Australian Dance Reviews

Cameron Mackintosh’s critically acclaimed ‘Miss Saigon’ opening night Sydney

The Australian production of 'Miss Saigon'. Photo by Daniel Boud.
The Australian production of 'Miss Saigon'. Photo by Daniel Boud.

Sydney Opera House, Sydney.
25 August 2023.

Cameron Mackintosh’s critically acclaimed – yet contentious – a new production of Alain Boublil and Claude-Michel Schönberg’s musical Miss Saigon opened at the Sydney Opera House on Friday 25 August. Conceptualised by the same creators of Les Misérables, – Schönberg and Boublil – the musical draws inspiration from Giacomo Puccini’s opera Madama Butterfly which revolves around the era and deplorable events of the Vietnam War in the 1970s. Direct from Broadway and the West End, the exhilarating and multi-award-winning production of Miss Saigon is a tragic love story viewed by 38 million people worldwide in over 32 countries and 350 cities. Although the production is adored by high-brow crowds, it has indeed raised many a brow due to reductive stereotypes, orientalism, racism, and objectification of women despite the attempts and implementation of well-researched iterations. 

Set in Saigon toward the end of the Vietnam War, the storyline of Miss Saigon centres around the love affair between a young 17-year-old Vietnamese woman named Kim (Abigail Adriano) who has been orphaned by war and forced to work in a brothel run by the infamous Engineer (Seann Miley Moore). There, for the first time, she encounters an American GI named Chris (Nigel Huckle) with whom she falls in love. Their romance is cut short by the fall of Saigon, leading to the separation of the two lovers. For three long years, Kim embarks on an epic journey in search of her Chris – who has no idea he’s fathered a son – and has since married Ellen (Kerrie Anne Greenland). 

Abigail Adriano’s career-defining debut as Kim embodied the character with the essence of naivety, desperation and a good serving of melodrama – which was required to keep up with the production’s demanding theatrics. Her ballads were impeccable, emotional and powerful beyond measure. Cleverly complemented by Nigel Huckle who plays Chris, their connection on stage was incontestable, as were his vocals and stage presence from beginning to end. A crowd favourite was Seann Miley Moore who played the Engineer who effortlessly brought the stage alive as the show evolved and as a result, offered a sense of respite from the heavier war-torn scenes. Capitalising off the American’s ignorance and corruption immersed in debaucherous numbers he aspired to maximise his gain. His Asian queer brilliance amidst certain scenes, prompted recollections from scenes in Baz Luhrmann’s Romeo and Juliet and Moulin Rouge – does “Young Hearts Run Free” come to mind? Kerrie Anne Greenland as Ellen was exceptional, and her uninhibited range left the viewer needing more.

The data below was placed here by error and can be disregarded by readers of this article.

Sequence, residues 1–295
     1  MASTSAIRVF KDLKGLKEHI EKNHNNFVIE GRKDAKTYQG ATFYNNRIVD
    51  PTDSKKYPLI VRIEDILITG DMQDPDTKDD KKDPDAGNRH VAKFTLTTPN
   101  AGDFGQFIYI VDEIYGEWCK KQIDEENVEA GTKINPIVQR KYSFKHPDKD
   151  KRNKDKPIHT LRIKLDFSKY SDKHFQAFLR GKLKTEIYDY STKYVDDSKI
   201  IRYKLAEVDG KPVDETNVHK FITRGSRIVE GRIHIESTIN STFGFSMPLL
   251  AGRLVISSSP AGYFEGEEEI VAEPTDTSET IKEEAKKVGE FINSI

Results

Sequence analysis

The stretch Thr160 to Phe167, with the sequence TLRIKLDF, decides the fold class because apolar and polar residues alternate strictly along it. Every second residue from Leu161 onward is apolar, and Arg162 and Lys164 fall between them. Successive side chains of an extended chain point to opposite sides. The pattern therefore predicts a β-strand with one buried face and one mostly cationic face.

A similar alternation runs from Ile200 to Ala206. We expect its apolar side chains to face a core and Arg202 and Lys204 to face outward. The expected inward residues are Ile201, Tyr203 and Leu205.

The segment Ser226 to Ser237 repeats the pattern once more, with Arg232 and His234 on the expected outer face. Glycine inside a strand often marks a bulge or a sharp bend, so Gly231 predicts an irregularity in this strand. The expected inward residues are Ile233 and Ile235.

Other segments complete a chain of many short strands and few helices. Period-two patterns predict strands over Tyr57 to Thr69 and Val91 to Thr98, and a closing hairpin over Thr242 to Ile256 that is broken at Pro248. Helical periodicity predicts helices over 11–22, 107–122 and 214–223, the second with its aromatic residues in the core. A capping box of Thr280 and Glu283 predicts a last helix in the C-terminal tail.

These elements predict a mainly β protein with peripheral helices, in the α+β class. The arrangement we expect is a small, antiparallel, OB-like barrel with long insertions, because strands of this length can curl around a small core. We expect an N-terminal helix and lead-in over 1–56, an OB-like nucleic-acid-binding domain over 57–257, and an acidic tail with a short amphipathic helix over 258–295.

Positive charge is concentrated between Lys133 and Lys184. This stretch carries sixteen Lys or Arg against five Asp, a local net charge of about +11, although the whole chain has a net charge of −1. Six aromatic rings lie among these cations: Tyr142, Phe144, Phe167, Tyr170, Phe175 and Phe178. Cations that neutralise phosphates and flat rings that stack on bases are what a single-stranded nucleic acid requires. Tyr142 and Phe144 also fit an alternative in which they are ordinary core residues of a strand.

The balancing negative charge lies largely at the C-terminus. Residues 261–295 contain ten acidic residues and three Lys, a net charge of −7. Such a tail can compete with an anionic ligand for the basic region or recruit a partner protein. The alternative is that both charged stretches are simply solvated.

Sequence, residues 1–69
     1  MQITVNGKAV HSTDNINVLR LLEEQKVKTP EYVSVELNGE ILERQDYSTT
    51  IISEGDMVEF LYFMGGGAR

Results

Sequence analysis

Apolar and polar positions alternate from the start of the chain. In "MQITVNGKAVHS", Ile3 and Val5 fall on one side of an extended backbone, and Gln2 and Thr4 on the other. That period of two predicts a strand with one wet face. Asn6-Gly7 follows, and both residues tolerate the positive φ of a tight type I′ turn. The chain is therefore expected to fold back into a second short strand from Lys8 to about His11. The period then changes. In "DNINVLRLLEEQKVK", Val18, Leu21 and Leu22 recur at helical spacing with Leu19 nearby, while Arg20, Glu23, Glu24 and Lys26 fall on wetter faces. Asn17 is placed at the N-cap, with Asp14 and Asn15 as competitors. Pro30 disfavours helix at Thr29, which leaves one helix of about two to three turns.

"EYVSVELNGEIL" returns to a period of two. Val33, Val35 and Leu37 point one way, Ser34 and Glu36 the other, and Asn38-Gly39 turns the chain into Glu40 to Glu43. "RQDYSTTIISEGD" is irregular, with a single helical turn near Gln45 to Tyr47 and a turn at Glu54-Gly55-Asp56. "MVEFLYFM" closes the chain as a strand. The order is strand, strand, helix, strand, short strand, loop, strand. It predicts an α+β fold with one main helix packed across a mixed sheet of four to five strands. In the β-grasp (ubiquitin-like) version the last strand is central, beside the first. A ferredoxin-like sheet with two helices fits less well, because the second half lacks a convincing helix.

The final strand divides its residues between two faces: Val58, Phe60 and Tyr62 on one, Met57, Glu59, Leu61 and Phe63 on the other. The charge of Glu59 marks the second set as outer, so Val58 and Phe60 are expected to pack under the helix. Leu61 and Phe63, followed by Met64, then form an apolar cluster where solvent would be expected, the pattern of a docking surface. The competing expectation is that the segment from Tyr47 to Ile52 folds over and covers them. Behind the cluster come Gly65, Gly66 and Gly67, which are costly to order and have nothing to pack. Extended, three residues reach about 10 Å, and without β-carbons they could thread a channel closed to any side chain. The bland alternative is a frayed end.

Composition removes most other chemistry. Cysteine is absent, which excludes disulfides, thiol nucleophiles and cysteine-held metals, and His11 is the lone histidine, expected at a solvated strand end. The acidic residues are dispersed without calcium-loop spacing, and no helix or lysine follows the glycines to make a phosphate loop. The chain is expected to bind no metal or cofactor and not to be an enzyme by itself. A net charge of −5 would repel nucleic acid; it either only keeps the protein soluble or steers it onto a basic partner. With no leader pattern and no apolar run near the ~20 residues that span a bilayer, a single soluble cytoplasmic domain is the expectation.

The musical spectacle delved into themes of passion, love and sacrifice amidst the devastating impacts of war, threats of violence and lasting destruction. With a cast of 42, Broadway favourites scores included “The Heat is On in Saigon,” “I Still Believe,” “The Movie in My Mind,” “Last Night of the World” and “American Dream.”

The production has been praised for Best Musical, Best Director and Best Designer amongst the Critics Circle. The commercial success has resulted in numerous awards, and it’s incredibly easy to become deeply absorbed in the world-class execution across all aspects regarding production value. The score was exhilarating and emotional. The production, concept, and sound design were a moving and sonic masterpiece. The lighting direction by Bruno Poet mixed with projections by Luke Halls was exceptionally seamless, and created depth and texture beyond the boundaries of theatre blending one scene to the next. The set design and staging of bicycles circling the stage at the beginning, to the multi-levels of Dreamland, to the barricades that left locals desolate were beyond spectacular – as were the blinding lights, and ground-shaking sounds of a four-tonne life-sized helicopter that initially appeared to be an illusion, until it was revealed soaring above the stage elevated and transporting the US nationals away. Interestingly, the imagery of this scene with the American troops departing Saigon after its collapse portrays a reminiscence of the US troops departing Afghanistan and the unresolved devastation left behind mid 2021. Every detail was in every scene. 

However, despite the world-class execution, the updated attempts to reframe problematic political aspects underpinned by the West vs. Rest, within the portrayal of the storyline, have continued to leave a residue of contention in its tracks. The discourse over the years continues between traditionalists with a post-colonial view and modernists who wish to make it relevant to today’s socio-political outlook. Critics identify the issues that begin with the conceptualisation first being created through the lens of white men. Secondly, it continues to portray racially reductive stereotypes by objectifying Asian women, and thirdly (and not finally, there is more) the fact that it has taken this long to see Asian-Australian performers debut in lead roles.

Albeit the debates, the discourse amongst theatre critics raise thought-provoking and indeed relevant questions. The production is a visual and moving masterpiece, and the talent that has been perfectly cast – they were simply spectacular! Miss Saigon is truly a world-class spectacle to be enjoyed! 

Miss Saigon is playing at the Sydney Opera House through 13 October. For tickets and more information, visit

By Renata Ogayar of Dance Informa.

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